A Tech’s First Impression of Windows 7 RC

Like many people, I downloaded the Windows 7 “Release Candidate”, and I have been running it for a few days now. I will now describe to you, Dear Reader, my initial impressions of Microsoft’s newest operating system, as I did for Windows 7 beta. (drum roll please)

Win7RC (For those of you who would like to get a copy, please see, Click here to download Windows 7. For those of you who would like to read my earlier statements on Windows 7 first, please see, A Tech’s First Impression of Windows 7, Part 1. Also, please read this warning Windows 7 RC gets its first bug, and it’s a doozy before you install)

Let’s get started: I opted to install the 32-bit version. I installed a “clean install”, though I could have “upgraded” an existing Vista or Windows 7 install (I recommend ‘clean install’ as a General Rule Of Thumb).

Microsoft is calling Windows 7 a whole new OS, and is expecting it to replace Vista.. in the same way that Vista is replacing Windows XP. I can tell you that it is not a whole new operating system. I can also tell you that it does not give us the new file system (WinFS) that was originally promised as one of the “three pillars of Vista”.

The install itself: My “clean” install on a freshly formatted volume took just 27 minutes, and involved three automated reboots. I then transferred in my settings tweaks and customizations, all my installed programs (except for my antivirus) and games, files and photos, etc., from the Win 7 beta in 20 minutes using Windows Easy Transfer.
It would have taken less time had I migrated the User Profile via my network, but I used a USB storage drive instead.

No device driver issues: I installed Windows 7 on a recent-vintage machine (it shipped with Vista Home Premium) and I had to install zero, zip, nada, device drivers — and this is a beta! Every device worked out of the gate. Microsoft claims Windows 7 is the most ‘backwards compatible’ OS yet and I believe them. A beta.. and no device driver installs??? Amazing.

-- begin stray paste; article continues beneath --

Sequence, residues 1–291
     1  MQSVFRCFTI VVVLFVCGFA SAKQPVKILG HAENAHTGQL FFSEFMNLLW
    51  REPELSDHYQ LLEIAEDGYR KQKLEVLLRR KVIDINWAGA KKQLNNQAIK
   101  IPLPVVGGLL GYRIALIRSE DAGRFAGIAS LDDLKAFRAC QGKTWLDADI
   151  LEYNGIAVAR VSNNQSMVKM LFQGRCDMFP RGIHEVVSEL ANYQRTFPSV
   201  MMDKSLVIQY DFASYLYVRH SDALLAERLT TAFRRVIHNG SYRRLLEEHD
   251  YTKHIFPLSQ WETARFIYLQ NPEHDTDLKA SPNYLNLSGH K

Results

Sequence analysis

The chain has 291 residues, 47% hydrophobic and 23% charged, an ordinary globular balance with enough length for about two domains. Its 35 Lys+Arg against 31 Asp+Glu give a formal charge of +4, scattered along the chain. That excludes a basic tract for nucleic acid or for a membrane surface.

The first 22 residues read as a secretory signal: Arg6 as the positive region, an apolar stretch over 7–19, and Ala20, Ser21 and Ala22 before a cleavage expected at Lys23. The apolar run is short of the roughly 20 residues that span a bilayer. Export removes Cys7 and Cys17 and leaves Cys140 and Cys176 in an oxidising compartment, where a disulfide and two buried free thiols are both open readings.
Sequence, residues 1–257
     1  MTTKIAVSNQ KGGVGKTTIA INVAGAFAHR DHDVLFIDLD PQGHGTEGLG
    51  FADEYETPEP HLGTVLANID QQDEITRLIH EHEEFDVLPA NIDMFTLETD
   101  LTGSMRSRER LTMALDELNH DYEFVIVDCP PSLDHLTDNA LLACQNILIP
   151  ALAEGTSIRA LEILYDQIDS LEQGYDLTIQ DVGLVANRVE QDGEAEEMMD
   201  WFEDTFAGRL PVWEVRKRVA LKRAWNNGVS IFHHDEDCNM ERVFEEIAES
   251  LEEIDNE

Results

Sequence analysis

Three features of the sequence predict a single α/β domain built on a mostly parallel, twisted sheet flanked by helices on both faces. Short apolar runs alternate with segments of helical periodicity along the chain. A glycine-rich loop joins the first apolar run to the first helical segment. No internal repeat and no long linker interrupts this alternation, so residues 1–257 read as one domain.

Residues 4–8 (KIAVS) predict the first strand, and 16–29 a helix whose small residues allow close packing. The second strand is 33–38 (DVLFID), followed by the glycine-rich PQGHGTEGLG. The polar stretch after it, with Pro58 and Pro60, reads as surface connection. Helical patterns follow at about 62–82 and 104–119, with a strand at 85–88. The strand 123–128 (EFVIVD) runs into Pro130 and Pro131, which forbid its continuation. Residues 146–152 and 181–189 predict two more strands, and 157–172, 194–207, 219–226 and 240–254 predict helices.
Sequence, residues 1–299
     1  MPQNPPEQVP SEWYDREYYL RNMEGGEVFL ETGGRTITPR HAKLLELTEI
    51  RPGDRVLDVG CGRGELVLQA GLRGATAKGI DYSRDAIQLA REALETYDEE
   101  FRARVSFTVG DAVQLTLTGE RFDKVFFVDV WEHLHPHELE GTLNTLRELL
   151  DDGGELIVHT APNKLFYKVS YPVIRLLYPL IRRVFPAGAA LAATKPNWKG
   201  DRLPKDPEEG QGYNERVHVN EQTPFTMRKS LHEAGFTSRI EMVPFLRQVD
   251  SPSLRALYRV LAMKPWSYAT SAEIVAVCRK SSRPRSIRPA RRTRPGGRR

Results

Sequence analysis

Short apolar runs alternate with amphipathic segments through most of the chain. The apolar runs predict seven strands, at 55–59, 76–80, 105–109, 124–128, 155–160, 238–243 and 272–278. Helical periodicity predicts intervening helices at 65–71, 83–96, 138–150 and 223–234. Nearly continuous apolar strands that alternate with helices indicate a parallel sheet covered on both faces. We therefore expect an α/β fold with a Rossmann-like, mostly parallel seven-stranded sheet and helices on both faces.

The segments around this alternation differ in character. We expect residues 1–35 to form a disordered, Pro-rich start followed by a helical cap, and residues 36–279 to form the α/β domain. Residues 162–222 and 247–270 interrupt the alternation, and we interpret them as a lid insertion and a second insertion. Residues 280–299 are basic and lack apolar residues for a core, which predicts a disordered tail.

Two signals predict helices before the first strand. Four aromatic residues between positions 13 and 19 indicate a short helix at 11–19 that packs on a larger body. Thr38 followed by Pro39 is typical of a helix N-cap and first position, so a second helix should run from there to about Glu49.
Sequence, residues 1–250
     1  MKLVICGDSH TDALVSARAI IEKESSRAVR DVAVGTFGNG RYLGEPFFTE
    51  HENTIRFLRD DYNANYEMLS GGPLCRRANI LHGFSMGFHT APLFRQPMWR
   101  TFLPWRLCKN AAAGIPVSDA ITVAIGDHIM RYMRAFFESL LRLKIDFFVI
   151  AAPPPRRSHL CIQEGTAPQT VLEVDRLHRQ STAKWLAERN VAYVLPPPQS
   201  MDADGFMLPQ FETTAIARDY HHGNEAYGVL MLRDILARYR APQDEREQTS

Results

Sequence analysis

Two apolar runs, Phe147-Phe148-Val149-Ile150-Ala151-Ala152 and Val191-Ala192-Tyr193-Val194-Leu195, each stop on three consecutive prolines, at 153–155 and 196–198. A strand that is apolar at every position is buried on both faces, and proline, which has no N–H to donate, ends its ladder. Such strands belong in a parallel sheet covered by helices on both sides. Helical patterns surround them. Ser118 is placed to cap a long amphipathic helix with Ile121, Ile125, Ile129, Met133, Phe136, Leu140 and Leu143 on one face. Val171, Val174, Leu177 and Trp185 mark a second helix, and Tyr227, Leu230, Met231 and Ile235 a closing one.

In case you’re not following along.. From inserting the CD, to a fully tweaked, loaded, and ready-to-go state in 47 minutes.. without the use of 3rd-party programs, tools or special cables.

That is simply… OUTSTANDING! (Yes, I’m shouting.)

In my earlier series, (see link above) I wrote “My experience matched that of other reviewers: it was by far the fastest, smoothest, easiest Windows installation I’ve ever had. That this is a beta release makes this fact all the more remarkable.
The RC beat it handily .

Folks, I cannot count the number of Windows Installs, re-Installs, and User State Migrations I’ve done — I am a Support & Repair Tech, after all — but this last was something I had previously only dreamed of.

I’m going to stop here but I will add this statement — I will delay buying my next computer until they come with Windows 7 on them; and I advise you to do the same if you can. (Can you tell I’m impressed?)

More Windows 7 RC “impressions” to come..

Today’s free link(s): see second paragraph, and – if you’re thinking of installing Windows 7 and your machine is a little bit older (say, 2 or more years) please see Download Windows 7 Upgrade Advisor – Can You Handle The Ride!

Today’s free download: see second paragraph.

Copyright 2007-9 © Tech Paul. All rights reserved. post to jaanix

Share this post :

May 9, 2009 Posted by | computers, Microsoft, PC, performance, tech, Windows 7 | , , , , , , , , , | 9 Comments